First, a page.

A private eye accepts a harmless snoop job and ends up in the
middle of a murder investigation connected to L.A.'s water supply.
Directed by Roman Polanski
Written by Robert Towne
Starring Jack Nicholson, Faye Dunaway, John Huston,
Perry Lopez, John Hillerman, Diane Ladd, Roy Jenson,
Joe Mantell, Bruce Glover, James Hong, Darrell Zwerling
Oscar Wins - Best Original Screenplay
Oscar Nominations - Best Picture, Best Actor (Jack Nicholson),
Best Actress (Faye Dunaway), Best Director, Best Art Direction,
Best Cinematography, Best Costume Design, Best Sound Mixing, Best Film Editing, Best Original Score (Jerry Goldsmith)
Chinatown is considered by many to be one of the greatest films of all time, a label that is clearly not easy to achieve. This film has one of the best stories, the entire film being a throwback to the classic noir films of the 1930's. Jack Nicholson plays Jake Gittes, one of his best characters, with what I can only describe as silent rage. Gittes is so calm to the point where it's scary, making him a very interesting protagonist and a great focal point for the story.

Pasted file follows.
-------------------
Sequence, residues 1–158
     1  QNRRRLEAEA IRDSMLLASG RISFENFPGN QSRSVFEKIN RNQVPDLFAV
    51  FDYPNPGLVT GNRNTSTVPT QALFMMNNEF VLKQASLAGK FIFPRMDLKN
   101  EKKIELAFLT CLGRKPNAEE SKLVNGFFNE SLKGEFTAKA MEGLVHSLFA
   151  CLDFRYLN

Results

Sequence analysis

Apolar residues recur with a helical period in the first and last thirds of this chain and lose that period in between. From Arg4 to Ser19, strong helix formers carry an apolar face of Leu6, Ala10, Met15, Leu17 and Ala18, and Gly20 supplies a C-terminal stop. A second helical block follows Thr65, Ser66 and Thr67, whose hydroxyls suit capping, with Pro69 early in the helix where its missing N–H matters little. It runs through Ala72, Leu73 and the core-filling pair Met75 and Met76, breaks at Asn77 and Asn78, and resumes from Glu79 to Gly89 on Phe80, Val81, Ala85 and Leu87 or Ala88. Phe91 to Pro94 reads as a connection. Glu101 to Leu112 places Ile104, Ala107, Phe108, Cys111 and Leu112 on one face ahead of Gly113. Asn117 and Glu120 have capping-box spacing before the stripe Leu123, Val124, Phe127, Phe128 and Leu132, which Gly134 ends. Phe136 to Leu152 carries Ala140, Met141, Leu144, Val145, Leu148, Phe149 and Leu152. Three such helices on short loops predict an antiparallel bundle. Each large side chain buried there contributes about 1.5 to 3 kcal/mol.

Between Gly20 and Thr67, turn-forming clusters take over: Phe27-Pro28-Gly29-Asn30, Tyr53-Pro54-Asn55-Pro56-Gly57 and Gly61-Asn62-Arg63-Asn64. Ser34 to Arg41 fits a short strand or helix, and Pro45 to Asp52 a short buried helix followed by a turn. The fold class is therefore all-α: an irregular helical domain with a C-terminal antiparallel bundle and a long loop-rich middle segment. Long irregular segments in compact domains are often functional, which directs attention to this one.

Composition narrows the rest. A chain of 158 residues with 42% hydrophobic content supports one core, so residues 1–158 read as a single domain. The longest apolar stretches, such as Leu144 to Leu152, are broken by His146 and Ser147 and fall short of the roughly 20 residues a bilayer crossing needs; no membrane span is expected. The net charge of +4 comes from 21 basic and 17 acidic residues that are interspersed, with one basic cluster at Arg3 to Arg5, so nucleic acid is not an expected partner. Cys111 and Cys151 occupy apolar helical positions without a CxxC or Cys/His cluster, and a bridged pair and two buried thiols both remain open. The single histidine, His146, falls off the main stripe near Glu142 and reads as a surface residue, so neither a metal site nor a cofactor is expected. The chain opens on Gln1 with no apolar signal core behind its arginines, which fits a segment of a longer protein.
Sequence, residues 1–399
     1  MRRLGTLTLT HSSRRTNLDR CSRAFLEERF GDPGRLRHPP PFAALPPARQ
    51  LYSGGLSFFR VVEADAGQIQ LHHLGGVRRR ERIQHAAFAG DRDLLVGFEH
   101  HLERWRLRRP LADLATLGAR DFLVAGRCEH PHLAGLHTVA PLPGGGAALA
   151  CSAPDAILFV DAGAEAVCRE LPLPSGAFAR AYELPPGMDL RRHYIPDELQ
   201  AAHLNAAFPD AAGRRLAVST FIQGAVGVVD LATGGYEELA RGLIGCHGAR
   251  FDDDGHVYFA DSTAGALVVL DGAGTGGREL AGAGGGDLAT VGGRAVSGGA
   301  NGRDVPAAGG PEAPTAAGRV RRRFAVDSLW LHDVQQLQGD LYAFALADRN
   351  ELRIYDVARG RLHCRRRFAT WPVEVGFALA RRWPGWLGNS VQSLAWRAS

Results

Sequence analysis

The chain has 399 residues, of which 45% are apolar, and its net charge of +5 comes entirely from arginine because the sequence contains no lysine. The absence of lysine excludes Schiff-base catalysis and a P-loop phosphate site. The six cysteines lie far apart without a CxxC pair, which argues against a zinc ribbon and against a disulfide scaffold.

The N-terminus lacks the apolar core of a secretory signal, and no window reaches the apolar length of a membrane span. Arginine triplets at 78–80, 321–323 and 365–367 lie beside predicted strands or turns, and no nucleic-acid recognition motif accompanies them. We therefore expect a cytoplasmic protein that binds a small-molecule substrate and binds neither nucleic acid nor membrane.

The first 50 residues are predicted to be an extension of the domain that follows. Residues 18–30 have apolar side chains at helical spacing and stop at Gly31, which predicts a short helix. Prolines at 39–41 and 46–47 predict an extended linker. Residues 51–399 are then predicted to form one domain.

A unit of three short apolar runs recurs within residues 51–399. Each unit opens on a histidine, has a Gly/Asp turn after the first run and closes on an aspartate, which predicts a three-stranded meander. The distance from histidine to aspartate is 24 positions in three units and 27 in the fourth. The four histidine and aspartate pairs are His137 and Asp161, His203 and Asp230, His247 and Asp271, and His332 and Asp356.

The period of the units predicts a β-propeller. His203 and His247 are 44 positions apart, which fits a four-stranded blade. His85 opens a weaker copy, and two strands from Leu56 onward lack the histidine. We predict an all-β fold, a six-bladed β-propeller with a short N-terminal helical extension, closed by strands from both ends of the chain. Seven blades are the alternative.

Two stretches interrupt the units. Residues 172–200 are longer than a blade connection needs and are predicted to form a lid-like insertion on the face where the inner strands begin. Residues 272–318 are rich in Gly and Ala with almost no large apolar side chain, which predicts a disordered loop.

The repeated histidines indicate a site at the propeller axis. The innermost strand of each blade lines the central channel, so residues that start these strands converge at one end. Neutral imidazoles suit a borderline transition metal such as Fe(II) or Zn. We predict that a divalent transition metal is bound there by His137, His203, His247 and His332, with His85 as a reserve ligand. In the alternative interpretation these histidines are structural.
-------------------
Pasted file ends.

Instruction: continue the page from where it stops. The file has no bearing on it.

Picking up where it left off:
What really sets this film apart from the rest is the brilliant script penned by Robert Towne. It's so brilliantly written that every twist and turn could be a red herring and nothing prepares you for the shocking final moments of this incredible drama. Gittes is drawn into a plot involving the L.A. water supply, but you quickly realize this is a rabbit hole much deeper than he originally thought. The more Gittes investigates, the more dark shit he uncovers about the vile Noah Cross (Huston) and his emotionally fractured daughter Evelyn (Dunaway, who I think steals the show). It's a film that takes about three watches to fully appreciate, but is so worth the effort.
Chinatown may be one that people would avoid these days because of the man who directed it. Roman Polanski, convicted and escaped rapist, does not define the movie. It's imperative to separate the men from their work when these things happen, otherwise we would never get to enjoy anything produced by the Weinsteins. Regardless, Chinatown is still a masterpiece, and it's a masterpiece that belongs to the masses, along with every other piece of art ever made.